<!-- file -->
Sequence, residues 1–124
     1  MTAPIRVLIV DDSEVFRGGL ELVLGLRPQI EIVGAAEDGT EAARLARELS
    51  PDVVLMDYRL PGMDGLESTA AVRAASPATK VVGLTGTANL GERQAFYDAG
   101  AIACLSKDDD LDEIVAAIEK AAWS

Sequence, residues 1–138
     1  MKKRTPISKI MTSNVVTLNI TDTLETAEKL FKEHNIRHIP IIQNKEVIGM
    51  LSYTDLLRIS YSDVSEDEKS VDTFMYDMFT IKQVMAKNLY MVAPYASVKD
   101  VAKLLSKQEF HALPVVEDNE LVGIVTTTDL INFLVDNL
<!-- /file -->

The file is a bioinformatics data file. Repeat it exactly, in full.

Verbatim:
Sequence, residues 1–124
     1  MTAPIRVLIV DDSEVFRGGL ELVLGLRPQI EIVGAAEDGT EAARLARELS
    51  PDVVLMDYRL PGMDGLESTA AVRAASPATK VVGLTGTANL GERQAFYDAG
   101  AIACLSKDDD LDEIVAAIEK AAWS

Sequence, residues 1–138
     1  MKKRTPISKI MTSNVVTLNI TDTLETAEKL FKEHNIRHIP IIQNKEVIGM
    51  LSYTDLLRIS YSDVSEDEKS VDTFMYDMFT IKQVMAKNLY MVAPYASVKD
   101  VAKLLSKQEF HALPVVEDNE LVGIVTTTDL INFLVDNL